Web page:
Injections are amongst the oldest and most dangerous attacks aimed at web applications and can lead to data theft, data loss, loss of data integrity, denial of service, as well as full system compromise. The primary reason for injection vulnerabilities is usually insufficient user input validation.
An injection attack is a malicious code injected in the network which fetched all the information from the database to the attacker. This attack type is considered a major problem in web security and is listed as the number one web application security risk in the OWASP Top 10. SQL Injection flaws are introduced when software developers create dynamic database queries that include user-supplied input.
To avoid SQL injection flaws is simple. Developers need to either: a) stop writing dynamic queries; and/or b) prevent user-supplied input which contains malicious SQL from affecting the logic of the executed query.
Classification of Injection attacks
Injection attacks are classified into various categories as below:
- SQL Injection:
This type of injection refers to an attack where the attacker executes a malicious Payload (malicious SQL statements) that control a web application database server. This is one of the oldest vulnerabilities as all the websites or web applications use SQL-based databases. By leveraging SQL Injection vulnerability, given the right circumstances, an attacker can use it to bypass a web application’s authentication and authorization mechanisms and retrieve the contents of an entire database.
SQL Injection can also be used to add, modify and delete records in a database, affecting data integrity. Impacts of SQL Injections are Authentication Bypass, Information Disclosure, Data Loss, Data theft, and Data Integrity loss, Denial of service and at times System Compromise.
- Cross-site scripting (XSS):
In a Cross-site scripting attack, malicious scripts are injected into a web page, and are executed when that page is visited by a user. XSS attacks occur when an attacker uses a web application to send malicious code, generally in the form of a browser side script, to a different end user. Flaws that allow these attacks to succeed are quite widespread and occur anywhere a web application uses input from a user within the output it generates without validating or encoding it.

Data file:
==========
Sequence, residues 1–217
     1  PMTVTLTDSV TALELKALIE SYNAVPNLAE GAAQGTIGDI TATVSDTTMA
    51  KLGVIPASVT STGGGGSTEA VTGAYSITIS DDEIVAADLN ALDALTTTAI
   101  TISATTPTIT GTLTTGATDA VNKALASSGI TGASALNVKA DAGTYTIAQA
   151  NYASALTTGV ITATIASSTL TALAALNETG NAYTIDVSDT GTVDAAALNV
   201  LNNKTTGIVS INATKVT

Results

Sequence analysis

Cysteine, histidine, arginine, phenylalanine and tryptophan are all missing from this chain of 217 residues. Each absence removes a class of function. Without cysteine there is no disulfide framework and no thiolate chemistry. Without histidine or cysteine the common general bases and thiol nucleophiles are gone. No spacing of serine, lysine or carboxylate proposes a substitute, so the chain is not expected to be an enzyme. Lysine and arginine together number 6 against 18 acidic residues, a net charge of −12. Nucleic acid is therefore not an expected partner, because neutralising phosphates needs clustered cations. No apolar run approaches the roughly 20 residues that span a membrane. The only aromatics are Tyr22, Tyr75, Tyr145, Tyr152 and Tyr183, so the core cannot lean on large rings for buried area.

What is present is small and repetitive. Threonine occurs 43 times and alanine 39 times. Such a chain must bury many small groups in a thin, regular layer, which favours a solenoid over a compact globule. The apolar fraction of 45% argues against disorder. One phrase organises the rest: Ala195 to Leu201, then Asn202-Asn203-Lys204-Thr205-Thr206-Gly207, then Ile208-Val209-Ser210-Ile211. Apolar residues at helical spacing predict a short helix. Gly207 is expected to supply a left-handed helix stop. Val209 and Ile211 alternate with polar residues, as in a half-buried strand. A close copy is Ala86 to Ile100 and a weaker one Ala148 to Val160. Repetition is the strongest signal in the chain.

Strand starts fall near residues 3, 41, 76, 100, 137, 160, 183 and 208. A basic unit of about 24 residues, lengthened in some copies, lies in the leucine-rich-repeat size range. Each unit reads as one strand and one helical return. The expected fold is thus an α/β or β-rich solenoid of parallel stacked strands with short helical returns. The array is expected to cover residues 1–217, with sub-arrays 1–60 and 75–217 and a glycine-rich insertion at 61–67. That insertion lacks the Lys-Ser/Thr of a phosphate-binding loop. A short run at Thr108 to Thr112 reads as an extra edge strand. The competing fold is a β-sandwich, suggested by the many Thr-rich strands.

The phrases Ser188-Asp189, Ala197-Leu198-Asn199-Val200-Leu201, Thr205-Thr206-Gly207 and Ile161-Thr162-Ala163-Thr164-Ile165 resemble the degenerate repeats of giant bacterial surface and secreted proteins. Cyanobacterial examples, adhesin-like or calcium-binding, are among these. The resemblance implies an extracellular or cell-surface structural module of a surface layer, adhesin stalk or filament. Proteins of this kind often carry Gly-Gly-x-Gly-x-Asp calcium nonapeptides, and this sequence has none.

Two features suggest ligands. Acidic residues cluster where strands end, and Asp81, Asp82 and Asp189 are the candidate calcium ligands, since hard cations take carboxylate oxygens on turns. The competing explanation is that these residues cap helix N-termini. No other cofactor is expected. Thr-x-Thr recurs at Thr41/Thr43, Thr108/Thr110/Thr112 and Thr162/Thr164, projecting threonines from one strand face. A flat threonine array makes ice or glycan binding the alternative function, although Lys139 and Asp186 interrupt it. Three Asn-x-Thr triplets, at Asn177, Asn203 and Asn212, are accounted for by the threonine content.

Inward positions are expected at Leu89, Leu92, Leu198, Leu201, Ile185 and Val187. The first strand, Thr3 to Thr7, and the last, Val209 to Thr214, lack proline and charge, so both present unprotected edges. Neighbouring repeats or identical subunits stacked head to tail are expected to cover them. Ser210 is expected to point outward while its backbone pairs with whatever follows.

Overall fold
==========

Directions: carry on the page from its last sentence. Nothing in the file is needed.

- XPath injection:
Similar to SQL injection attacks, XPath Injections attack web sites that operate on user-supplied information to construct an XPath query for XML data. An attacker can enquire detailed information on how the XML data is structured, or access data that is not normally accessible by sending malformed information to the website. Apart from this, these vulnerabilities can also elevate the attacker’s privileges on the web site if the XML data is being used for authentication (such as an XML based user file).
- Template injection:
In a Template Injection, the attacker submits malicious code that is executed when the application takes user-supplied input and transforms it into a file according to a template, such as generating a custom welcome page for a new user.
- Code Injection:
As the Name signifies, this attack introduces a malicious code into the application, which is capable of compromising database integrity and/or compromising privacy properties, security and even data correctness. It can also steal data and/or bypass access and authentication control. A code injection to any application can lead to a full system compromise, causing a Plague to the system.
- CRLF Injection:
The term CRLF signifies, carriage return Line feed, usually denoting termination of a Line. A CRLF Injection attack occurs when a user manages to submit a CRLF into an application which is most commonly done by modifying an HTTP parameter or URL. CRLF injection is a software application coding vulnerability that occurs when an attacker injects a CRLF character sequence where it is not expected. When CRLF injection is used to split an HTTP response header, it is referred to as HTTP Response Splitting. CRLF injection vulnerabilities result from data input that is not neutralized, incorrectly neutralized or otherwise un-sanitized.
- Email header injection:
Most of the time a contact form sends SMTP headers such as From and Reply-to to make it easy for the recipient to treat communication from the contact form just like they would any other email rather than sending email to an intended recipient of the message by a legitimate user. Unless the user’s input is validated before being inserted into SMTP headers, the contact form might be vulnerable to Email Header Injection (also referred to as SMTP header injection). This is because an attacker may be able to inject additional headers into the message, thereby instructing the SMTP server to carry out different instructions than intended. Such attacks usually lead to Information disclosure and Spam Relay.